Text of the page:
Ultra-HNIs not keen on robo-advisors: report
Top of the Pyramid report by Kotak Wealth Management said that while robo-advisory has become fairly popular with investors in developed countries, it is at a very nascent stage in India
When it comes to managing finances, robots don’t appeal to the super rich, yet. Most ultra high net worth individuals (HNIs) in India are still unfamiliar with robo-advisory services, according to Top of the Pyramid report by Kotak Wealth Management, which was released on 13 February 2018.
The report is based on a survey that was carried out by the wealth management company between July 2017 and September 2017. Its findings in the report show that almost 66% of the respondents were unfamiliar with robo-advisory services.
The survey covered over 200 ultra HNIs, including clients of the firm. The ultra HNIs surveyed were households with a family wealth of at least Rs25 crore.
The report said that while robo-advisory has become fairly popular with investors in developed countries, it is at a very nascent stage in India. “Indian ultra HNIs still prefer traditional wealth management services, which allow them to interact with their wealth managers,” the report noted.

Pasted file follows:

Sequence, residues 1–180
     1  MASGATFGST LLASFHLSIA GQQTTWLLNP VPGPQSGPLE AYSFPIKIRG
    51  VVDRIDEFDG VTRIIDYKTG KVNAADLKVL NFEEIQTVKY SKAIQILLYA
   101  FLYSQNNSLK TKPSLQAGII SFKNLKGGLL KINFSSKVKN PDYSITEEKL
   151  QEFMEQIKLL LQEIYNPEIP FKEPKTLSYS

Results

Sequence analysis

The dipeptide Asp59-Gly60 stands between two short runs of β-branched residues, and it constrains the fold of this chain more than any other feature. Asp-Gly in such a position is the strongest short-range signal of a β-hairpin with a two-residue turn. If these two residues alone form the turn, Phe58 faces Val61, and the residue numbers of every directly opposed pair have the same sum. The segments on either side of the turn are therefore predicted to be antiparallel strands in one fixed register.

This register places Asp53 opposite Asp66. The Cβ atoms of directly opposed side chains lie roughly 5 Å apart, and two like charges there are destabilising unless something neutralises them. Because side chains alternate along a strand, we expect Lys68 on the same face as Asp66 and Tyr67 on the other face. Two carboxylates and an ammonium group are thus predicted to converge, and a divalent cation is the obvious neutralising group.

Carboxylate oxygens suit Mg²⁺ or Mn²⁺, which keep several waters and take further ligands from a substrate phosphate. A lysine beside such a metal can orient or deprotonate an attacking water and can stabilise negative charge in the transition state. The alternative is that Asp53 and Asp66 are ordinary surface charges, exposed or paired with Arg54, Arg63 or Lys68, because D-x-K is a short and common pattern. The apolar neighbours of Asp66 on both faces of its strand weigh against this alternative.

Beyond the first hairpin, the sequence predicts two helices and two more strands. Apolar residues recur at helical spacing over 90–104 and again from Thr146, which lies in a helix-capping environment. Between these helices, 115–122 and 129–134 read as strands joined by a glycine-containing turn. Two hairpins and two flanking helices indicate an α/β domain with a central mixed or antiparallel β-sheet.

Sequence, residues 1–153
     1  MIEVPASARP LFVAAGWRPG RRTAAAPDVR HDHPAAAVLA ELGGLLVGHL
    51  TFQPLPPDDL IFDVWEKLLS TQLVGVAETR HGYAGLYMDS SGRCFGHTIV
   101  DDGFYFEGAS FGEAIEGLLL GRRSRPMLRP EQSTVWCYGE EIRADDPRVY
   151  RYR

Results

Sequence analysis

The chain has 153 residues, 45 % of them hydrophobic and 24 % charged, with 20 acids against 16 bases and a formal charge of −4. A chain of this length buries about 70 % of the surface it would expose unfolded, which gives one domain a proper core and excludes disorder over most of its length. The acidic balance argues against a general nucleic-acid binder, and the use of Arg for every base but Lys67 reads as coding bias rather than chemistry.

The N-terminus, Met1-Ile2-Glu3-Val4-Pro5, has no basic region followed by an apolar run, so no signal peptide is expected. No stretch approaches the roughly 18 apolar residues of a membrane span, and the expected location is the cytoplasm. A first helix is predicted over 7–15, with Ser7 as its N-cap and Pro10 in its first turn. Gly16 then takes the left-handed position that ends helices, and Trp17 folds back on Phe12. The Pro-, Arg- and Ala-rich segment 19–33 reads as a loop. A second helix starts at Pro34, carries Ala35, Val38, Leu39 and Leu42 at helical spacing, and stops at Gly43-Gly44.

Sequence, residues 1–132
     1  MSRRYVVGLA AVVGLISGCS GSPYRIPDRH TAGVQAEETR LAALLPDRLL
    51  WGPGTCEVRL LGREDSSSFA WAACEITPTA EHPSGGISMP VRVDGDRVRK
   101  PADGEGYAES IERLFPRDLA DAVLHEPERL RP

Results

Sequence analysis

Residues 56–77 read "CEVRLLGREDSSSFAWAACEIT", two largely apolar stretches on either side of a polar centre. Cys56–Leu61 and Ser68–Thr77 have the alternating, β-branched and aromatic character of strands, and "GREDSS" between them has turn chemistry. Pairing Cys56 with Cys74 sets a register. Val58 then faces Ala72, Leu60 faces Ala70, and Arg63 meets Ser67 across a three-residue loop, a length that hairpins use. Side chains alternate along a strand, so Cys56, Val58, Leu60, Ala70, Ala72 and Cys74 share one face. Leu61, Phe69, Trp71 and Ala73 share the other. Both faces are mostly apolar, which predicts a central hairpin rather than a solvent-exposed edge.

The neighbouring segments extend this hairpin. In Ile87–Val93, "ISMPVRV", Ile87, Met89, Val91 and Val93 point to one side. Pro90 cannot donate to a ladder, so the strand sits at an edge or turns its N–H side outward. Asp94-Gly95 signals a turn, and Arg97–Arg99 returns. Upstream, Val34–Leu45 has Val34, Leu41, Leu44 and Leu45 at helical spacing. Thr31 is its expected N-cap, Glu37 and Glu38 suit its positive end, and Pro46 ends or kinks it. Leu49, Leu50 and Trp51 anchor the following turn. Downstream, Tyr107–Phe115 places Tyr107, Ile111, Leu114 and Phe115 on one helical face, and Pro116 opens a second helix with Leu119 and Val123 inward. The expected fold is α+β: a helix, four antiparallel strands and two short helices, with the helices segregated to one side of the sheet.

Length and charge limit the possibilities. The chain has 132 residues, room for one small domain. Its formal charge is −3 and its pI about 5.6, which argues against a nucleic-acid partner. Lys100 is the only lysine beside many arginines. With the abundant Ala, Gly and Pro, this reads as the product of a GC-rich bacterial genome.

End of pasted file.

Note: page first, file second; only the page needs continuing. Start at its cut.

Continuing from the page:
While 34% said that they were aware of what robo-advisory services were, most had not used these services. Of those who had, about a quarter cited ‘saving time’ as a key driver for engagement.
Why HNIs don’t like robo-advisors
“It will be a long way before ultra HNIs warm up to robo-advisories because their needs are complex.... The investment strategy has complex structures and hence they need specific advice. Robo-advisories can, maybe, form part of their advice but can’t replace wealth managers,” said Sunil Sharma, chief investment officer, Sanctum Wealth Management Pvt. Ltd. He added that even in developed markets, very few have made progress in robo-advisory services. “This service has been around for at least 7 years. However, only 2 or 3 companies in the world have made any major advances,” said Sharma.
In India, robo-advisory businesses are mainly focusing on the retail segment. “The product is designed for young earners—the average age group is about 30 years. I have customers who invest Rs3-4 lakh a month too, but this segment is very small. Robo-advisory is targeted to this younger segment. However, the product is sophisticated enough to be used by ultra-HNIs,” said Sanjiv Singhal, founder and chief operating officer, Scripbox, an online investment service, but he added that it’s unlikely that the focus will shift to ultra HNIs. “Some people will adopt on their own. But as a strategy, we are clearly focused on young earners because that is the segment that needs help,” said Singhal.
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